Format

Send to

Choose Destination
See comment in PubMed Commons below
PLoS Biol. 2005 Nov;3(11):e362. Epub 2005 Oct 18.

Improvement of tactile discrimination performance and enlargement of cortical somatosensory maps after 5 Hz rTMS.

Author information

1
Department of Neurology, Ruhr-University Bochum, BG-Kliniken Bergmannsheil, Bochum, Germany.

Abstract

Repetitive transcranial magnetic stimulation (rTMS) is increasingly used to investigate mechanisms of brain functions and plasticity, but also as a promising new therapeutic tool. The effects of rTMS depend on the intensity and frequency of stimulation and consist of changes of cortical excitability, which often persists several minutes after termination of rTMS. While these findings imply that cortical processing can be altered by applying current pulses from outside the brain, little is known about how rTMS persistently affects learning and perception. Here we demonstrate in humans, through a combination of psychophysical assessment of two-point discrimination thresholds and functional magnetic resonance imaging (fMRI), that brief periods of 5 Hz rTMS evoke lasting perceptual and cortical changes. rTMS was applied over the cortical representation of the right index finger of primary somatosensory cortex, resulting in a lowering of discrimination thresholds of the right index finger. fMRI revealed an enlargement of the right index finger representation in primary somatosensory cortex that was linearly correlated with the individual rTMS-induced perceptual improvement indicative of a close link between cortical and perceptual changes. The results demonstrate that repetitive, unattended stimulation from outside the brain, combined with a lack of behavioral information, are effective in driving persistent improvement of the perception of touch. The underlying properties and processes that allow cortical networks, after being modified through TMS pulses, to reach new organized stable states that mediate better performance remain to be clarified.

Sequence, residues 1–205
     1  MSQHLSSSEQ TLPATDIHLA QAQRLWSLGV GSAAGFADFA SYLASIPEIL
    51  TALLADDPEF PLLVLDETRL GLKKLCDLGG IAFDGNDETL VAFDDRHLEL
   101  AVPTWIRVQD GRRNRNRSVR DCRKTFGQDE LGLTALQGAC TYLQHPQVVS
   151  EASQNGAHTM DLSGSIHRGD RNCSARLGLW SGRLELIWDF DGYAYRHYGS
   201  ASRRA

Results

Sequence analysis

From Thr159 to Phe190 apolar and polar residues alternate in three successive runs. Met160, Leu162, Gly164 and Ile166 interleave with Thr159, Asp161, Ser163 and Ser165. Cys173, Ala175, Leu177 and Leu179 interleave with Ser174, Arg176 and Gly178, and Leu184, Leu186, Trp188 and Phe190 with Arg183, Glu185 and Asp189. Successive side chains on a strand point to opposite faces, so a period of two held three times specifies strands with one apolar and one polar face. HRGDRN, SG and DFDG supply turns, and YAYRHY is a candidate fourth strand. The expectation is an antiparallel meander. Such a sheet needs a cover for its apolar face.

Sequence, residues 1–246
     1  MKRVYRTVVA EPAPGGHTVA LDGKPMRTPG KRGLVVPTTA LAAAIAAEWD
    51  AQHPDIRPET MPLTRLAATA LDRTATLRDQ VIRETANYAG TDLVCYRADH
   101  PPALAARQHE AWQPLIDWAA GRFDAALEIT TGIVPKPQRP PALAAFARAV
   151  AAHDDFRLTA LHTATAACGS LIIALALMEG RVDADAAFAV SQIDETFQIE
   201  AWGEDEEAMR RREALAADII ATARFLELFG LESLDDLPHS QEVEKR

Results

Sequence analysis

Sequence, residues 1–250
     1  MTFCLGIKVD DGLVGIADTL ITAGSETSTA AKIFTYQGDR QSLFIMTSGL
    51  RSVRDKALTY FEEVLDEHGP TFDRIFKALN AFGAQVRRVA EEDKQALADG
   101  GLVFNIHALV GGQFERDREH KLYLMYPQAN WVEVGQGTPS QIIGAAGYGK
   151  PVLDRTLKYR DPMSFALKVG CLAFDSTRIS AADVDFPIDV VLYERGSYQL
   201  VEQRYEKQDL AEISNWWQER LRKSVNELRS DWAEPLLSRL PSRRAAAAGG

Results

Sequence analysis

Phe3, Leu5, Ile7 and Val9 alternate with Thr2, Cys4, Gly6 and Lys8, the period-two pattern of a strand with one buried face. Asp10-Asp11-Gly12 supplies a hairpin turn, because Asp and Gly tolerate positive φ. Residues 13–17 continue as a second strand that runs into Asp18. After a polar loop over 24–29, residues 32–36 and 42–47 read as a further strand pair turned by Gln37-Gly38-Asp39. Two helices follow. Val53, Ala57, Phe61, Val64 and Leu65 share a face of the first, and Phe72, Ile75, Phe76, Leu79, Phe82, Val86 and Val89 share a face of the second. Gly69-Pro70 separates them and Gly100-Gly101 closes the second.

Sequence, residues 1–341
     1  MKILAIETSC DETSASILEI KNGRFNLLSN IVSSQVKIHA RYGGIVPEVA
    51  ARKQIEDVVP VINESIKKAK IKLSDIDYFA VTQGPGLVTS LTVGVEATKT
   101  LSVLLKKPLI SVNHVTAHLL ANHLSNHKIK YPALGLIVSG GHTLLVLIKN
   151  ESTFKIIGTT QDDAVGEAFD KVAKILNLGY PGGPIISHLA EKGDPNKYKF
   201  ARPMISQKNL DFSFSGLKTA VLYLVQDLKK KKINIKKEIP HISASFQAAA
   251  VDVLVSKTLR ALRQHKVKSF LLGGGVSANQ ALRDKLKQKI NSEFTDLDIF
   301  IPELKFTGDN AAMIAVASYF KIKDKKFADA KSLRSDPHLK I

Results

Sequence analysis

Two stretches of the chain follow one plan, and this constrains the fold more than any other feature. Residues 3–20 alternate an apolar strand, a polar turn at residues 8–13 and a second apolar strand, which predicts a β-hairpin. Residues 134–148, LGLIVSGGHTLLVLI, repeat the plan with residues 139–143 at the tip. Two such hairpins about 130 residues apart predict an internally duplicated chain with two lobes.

PMID:
16218766
PMCID:
PMC1255742
DOI:
10.1371/journal.pbio.0030362
[Indexed for MEDLINE]
Free PMC Article
PubMed Commons home

PubMed Commons

0 comments
How to join PubMed Commons

    Supplemental Content

    Full text links

    Icon for Public Library of Science Icon for PubMed Central
    Loading ...
    Support Center